The previous command will create some cool stuff listed below:

stuff-created-such-as-service-account-configmap-deployment-apps-tracing

kubectl rollout status deployment/kiali -n istio-system

Check it out with kubectl -n istio-system get svc kiali Everything look good? Cool.

cluster-created

Now it's time to navigate through the dashboard, execute istioctl dashboard kiali , and go to your browser.

If you’re testing this on a non-productive (meaning, without traffic) site then its going to look empty and boring since we don't have any traffic flowing.

Check your ip with minikube ip

And execute the following exports:

export INGRESS_HOST=$(minikube ip)

export INGRESS_PORT=$(kubectl -n istio-system get service istio-ingressgateway -o jsonpath='{.spec.ports[?(@.name=="http2")].nodePort}')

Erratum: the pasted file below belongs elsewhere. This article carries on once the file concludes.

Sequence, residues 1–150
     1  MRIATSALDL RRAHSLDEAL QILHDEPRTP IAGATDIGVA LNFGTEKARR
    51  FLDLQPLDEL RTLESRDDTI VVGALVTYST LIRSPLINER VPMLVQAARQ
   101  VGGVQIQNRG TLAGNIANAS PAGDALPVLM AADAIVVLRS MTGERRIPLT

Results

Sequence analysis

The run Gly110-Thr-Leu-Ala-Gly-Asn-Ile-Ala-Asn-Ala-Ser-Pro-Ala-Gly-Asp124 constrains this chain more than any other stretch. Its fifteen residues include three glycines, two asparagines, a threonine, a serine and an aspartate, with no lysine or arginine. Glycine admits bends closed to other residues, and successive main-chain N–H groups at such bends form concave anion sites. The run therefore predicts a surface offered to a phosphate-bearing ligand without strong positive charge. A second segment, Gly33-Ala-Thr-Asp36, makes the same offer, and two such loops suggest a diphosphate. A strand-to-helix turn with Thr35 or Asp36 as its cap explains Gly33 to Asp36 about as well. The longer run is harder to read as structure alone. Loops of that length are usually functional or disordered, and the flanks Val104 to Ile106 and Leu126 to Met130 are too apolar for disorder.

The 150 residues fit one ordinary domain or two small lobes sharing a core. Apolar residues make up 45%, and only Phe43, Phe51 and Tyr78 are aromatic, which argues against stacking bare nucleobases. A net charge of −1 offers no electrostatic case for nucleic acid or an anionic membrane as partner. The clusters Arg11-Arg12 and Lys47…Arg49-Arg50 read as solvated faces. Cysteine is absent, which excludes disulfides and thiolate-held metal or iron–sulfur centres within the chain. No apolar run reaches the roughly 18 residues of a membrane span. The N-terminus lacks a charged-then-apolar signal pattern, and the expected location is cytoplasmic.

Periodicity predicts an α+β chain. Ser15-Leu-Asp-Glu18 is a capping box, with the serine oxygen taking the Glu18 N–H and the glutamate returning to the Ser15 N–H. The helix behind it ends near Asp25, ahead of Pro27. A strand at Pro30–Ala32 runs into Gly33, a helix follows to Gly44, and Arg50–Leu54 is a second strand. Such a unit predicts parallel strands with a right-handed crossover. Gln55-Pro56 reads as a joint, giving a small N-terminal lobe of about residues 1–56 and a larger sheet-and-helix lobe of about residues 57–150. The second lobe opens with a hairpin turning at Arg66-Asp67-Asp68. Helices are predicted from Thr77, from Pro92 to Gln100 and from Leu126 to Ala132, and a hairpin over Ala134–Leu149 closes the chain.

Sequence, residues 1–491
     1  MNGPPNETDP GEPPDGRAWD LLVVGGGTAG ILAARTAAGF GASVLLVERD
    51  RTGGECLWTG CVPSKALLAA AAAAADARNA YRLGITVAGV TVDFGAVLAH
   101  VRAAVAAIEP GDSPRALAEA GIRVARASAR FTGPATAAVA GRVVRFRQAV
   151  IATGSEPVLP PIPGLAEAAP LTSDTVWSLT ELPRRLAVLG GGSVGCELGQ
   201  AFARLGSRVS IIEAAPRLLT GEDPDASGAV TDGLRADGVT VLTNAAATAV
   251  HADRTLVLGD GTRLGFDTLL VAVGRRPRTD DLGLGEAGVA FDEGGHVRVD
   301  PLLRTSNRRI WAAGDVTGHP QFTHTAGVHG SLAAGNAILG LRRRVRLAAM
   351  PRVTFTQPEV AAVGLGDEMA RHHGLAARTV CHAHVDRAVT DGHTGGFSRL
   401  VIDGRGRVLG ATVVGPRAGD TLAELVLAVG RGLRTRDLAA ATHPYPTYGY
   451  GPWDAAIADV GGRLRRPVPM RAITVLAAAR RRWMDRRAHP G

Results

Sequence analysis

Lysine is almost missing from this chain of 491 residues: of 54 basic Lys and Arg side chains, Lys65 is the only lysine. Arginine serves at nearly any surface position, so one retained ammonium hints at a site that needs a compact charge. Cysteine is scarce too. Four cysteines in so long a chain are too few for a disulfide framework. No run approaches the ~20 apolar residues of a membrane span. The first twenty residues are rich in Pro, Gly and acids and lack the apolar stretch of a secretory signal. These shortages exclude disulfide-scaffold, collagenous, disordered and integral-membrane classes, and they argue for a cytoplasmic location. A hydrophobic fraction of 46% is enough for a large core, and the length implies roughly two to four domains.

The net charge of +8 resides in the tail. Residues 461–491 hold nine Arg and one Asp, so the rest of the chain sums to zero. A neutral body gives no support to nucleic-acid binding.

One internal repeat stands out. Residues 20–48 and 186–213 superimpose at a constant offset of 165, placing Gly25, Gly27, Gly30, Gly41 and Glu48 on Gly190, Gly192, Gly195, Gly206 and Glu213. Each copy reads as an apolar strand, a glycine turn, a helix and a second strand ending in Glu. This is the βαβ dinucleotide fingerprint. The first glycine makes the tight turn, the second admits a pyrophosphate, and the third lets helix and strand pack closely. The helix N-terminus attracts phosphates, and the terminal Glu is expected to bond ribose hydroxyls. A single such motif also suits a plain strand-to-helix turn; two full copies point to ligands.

export SECURE_INGRESS_PORT=$(kubectl -n istio-system get service istio-ingressgateway -o jsonpath='{.spec.ports[?(@.name=="https")].nodePort}')

export TCP_INGRESS_PORT=$(kubectl -n istio-system get service istio-ingressgateway -o jsonpath='{.spec.ports[?(@.name=="tcp")].nodePort}')

Awesome, now we can curl our app and see what happens

curl "http://$INGRESS_HOST:$INGRESS_PORT/productpage”, fair enough, but lets get some more traffic with a while loop as follows:

while sleep 0.01;do curl -sS 'http://'"$INGRESS_HOST"':'"$INGRESS_PORT"'/productpage'\\ &> /dev/null ; done

Alright, now‌ at the screenshot below Kiali provides us with a useful set of visual tools to better understand our workload traffic.

traffic-of-the-workload

traffic-of-the-workload-2

On the second screenshot we can see the power of Kiali; the white dots on top of the green lines represent the traffic (even though it's a static image, picture those dots moving in different directions and speeds!).

In summary, Istio provides us with a powerful set of tools. On this TeraTip we saw a brief introduction to Istio Service Mesh. We focused our attention on installing it on our cluster and on gaining the visualization of some basic traffic flows. Stay tuned for more!


References






Tomás Torales

Cloud Engineer

Teracloud







If you want to know more about Kubernetes, we suggest going check Enhance your Kubernetes security by leveraging KubeSec